In the intervention group 7 of 39 and in the control group 1 of 21 subjects reported mild hypoglycemias (P = NS).

By intention-to-treat analysis, at the end of the study the intervention group showed significant reductions in A1C and total cholesterol (−0.12 mg/dl [0.37%] and −6.4 mg/dl [18.5%], respectively, both P < 0.05). However, differences in metabolic improvement between groups did not reach statistical significance. Distance covered in the 6-mWT and calculated energy expenditure increased in both groups. However, changes were greater in the intervention group (both P < 0.01). Change in overall physical activity correlated with reduction in body weight (r = 0.51, P = 0.005).

Average attendance at walking sessions was 60%. Because there was a wide individual range (14–90%) in participation in scheduled activities, a secondary analysis was carried out including only subjects whose attendance was at least 50% (n = 21). Table 1 shows changes observed in this subgroup and in control subjects. Changes in A1C, fasting glucose, distance covered in the 6-mWT, and energy expenditure were significantly greater in these subjects than in control subjects. Reduction or discontinuation of antidiabetic drugs occurred in 33% of patients in the intervention group versus 5% of control subjects (P < 0.05).

In multivariate analyses, A1C reduction was predicted by baseline A1C and BMI, but not by sex, baseline physical activity, or functional capacity. Compliance was predicted only by the female sex.

In our study, several patients included in the intervention group did not complete the program, and remaining subjects attended only 60% of the scheduled sessions. Accordingly, reduction of A1C levels, the primary outcome, was not significantly different from that in control subjects. However, the improvement in functional capacity and energy expenditure was greater in the intervention group. This difference was not entirely explained by participation in supervised walking, indicating an active effort by many patients of this group to increase physical activity. Moreover, in a secondary analysis carried out in subjects whose attendance in scheduled activities was at least 50%, changes in A1C were higher than in control subjects.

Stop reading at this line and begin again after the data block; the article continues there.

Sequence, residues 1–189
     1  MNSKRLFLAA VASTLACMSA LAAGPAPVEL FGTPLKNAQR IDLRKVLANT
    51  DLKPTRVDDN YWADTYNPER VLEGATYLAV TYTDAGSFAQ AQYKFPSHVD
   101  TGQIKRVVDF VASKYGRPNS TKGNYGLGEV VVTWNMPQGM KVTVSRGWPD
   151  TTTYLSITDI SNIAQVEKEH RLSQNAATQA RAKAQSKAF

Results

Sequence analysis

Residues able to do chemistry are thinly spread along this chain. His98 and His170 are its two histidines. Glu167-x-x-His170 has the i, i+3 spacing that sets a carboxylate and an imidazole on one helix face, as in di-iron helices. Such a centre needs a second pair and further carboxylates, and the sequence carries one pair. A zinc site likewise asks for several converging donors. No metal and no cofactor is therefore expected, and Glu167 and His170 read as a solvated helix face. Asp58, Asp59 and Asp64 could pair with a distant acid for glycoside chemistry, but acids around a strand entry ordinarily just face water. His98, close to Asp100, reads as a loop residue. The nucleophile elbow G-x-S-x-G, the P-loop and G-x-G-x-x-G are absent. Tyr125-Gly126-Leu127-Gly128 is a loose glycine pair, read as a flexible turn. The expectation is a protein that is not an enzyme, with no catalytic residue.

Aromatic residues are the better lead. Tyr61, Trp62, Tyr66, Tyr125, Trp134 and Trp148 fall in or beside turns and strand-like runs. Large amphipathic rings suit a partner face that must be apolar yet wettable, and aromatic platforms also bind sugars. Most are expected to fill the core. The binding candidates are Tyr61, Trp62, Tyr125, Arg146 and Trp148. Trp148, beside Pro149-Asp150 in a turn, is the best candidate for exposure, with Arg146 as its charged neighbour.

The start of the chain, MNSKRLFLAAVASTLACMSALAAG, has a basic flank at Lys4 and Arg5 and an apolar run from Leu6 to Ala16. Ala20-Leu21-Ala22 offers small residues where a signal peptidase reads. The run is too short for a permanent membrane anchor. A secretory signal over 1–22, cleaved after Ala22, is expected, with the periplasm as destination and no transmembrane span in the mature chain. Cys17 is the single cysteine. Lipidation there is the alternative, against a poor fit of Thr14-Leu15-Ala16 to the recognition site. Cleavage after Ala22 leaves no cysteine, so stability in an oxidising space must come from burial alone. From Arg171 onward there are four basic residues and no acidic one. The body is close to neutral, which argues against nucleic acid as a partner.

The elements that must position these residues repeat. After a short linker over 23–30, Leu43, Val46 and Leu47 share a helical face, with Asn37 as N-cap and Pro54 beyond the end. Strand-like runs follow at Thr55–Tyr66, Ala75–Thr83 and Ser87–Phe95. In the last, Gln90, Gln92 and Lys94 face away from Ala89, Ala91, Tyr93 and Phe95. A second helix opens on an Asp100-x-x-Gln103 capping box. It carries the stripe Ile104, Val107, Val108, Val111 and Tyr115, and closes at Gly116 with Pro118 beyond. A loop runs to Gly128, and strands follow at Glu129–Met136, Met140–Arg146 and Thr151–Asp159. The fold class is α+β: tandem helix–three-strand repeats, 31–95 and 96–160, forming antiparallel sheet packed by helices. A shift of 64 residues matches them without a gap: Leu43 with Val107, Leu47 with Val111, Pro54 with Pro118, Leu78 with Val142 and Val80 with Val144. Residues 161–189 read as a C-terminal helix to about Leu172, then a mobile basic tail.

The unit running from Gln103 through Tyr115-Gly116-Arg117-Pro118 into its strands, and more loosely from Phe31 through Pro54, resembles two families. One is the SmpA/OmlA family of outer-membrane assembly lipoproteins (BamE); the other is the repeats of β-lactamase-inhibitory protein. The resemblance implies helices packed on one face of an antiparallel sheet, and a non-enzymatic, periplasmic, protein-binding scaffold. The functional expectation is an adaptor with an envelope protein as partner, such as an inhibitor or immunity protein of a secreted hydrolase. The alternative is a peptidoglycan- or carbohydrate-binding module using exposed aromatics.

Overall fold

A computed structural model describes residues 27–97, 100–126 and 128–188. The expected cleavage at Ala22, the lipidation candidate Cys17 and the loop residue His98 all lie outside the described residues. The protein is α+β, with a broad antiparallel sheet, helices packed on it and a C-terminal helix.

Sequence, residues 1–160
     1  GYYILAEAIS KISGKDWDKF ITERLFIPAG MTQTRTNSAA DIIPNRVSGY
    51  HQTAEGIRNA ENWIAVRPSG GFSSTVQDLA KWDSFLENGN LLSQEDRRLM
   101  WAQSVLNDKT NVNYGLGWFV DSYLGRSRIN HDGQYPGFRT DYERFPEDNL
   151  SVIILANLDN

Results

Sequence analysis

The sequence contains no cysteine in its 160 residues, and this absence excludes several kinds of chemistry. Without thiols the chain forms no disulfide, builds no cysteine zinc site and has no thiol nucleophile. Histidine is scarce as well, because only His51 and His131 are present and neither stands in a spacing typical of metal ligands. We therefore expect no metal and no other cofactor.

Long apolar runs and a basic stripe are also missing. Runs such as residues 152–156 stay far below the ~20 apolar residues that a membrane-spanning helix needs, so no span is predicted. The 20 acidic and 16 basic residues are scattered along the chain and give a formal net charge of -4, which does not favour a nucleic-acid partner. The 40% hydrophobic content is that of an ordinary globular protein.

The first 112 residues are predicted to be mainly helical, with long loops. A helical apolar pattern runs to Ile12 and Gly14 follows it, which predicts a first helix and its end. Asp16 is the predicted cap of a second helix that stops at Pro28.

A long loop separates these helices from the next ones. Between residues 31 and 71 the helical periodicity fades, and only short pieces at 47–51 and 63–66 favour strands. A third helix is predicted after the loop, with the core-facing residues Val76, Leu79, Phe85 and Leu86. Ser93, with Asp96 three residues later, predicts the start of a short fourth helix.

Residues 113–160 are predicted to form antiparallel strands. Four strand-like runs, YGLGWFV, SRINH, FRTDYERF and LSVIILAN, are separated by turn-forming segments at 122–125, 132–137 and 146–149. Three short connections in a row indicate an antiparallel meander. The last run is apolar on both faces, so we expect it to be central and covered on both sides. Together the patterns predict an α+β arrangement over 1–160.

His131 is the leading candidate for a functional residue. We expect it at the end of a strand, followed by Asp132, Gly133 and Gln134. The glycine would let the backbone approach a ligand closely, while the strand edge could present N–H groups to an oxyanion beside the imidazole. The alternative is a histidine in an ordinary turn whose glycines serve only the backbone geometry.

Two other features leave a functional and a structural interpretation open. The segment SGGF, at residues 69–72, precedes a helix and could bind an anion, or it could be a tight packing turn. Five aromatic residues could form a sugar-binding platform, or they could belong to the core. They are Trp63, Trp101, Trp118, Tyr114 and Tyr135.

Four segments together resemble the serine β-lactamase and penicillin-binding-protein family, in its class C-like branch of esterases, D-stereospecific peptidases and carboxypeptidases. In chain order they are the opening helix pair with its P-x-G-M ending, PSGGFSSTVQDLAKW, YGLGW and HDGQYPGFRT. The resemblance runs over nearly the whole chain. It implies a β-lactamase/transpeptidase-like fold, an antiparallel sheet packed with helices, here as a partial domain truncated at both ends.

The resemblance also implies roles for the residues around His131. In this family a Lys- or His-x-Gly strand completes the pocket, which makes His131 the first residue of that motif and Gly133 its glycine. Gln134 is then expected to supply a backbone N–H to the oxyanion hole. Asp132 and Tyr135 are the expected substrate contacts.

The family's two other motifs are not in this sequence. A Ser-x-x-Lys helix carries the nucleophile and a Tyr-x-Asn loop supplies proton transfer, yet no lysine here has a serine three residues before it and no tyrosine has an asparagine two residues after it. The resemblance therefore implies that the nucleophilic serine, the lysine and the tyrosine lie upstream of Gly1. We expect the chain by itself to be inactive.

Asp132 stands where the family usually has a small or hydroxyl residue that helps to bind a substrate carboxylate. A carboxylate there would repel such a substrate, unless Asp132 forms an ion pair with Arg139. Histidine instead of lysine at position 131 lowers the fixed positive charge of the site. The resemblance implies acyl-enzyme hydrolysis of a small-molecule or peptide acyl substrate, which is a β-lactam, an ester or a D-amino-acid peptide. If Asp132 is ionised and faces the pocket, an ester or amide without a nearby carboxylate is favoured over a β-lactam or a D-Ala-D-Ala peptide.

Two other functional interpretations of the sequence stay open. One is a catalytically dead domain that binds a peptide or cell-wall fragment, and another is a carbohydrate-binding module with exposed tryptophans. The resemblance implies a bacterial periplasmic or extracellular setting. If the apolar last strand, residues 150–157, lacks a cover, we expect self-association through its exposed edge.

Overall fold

Interestingly, prescription of antidiabetic medications was reduced in 33% of subjects in the intervention group versus only 5% in the control group. These data add value to the differences in metabolic control changes between groups, strongly supporting the efficacy of this model in diabetic subjects with adequate compliance.

Until now, only a few small-sized studies assessed the efficacy of walking in diabetic subjects, and results were controversial (9,,12). Notably, because of the low walking speed typical of diabetic patients, self-paced walking seems insufficient to improve the metabolic control in these subjects (5). Our study adds to these findings by showing that organization of supervised walking groups may be beneficial from several points of view in these subjects, provided that attendance is at least 50% of scheduled sessions.

In conclusion, supervised walking may induce favorable metabolic changes and increase functional capacity in diabetic subjects, but compliance remains a crucial issue. This model was associated with a reduced prescription of antidiabetic drugs, suggesting an improved quality of life as well as a financial saving.

Clinical trial reg. no. NCT01115205, clinicaltrials.gov.

The costs of publication of this article were defrayed in part by the payment of page charges. This article must therefore be hereby marked “advertisement” in accordance with 18 U.S.C. Section 1734 solely to indicate this fact.

This study was supported by grants from the University of Verona (MIUR 60%) and from the Regione Veneto (Piano Triennale dei Servizi di Igiene e Sanità Pubblica, scheda 5.1).

No potential conflicts of interest relevant to this article were reported.

C.N. researched data and wrote the manuscript. E.Ba. researched data, wrote the manuscript, and reviewed/edited the manuscript. S.M. researched data and contributed to the discussion. D.S., A.M., and E.M. researched data. M.M. contributed to the discussion. E.Bo. contributed to the discussion and reviewed/edited the manuscript. P.M. conceived the study, contributed to the discussion, wrote the manuscript, and reviewed/edited the manuscript.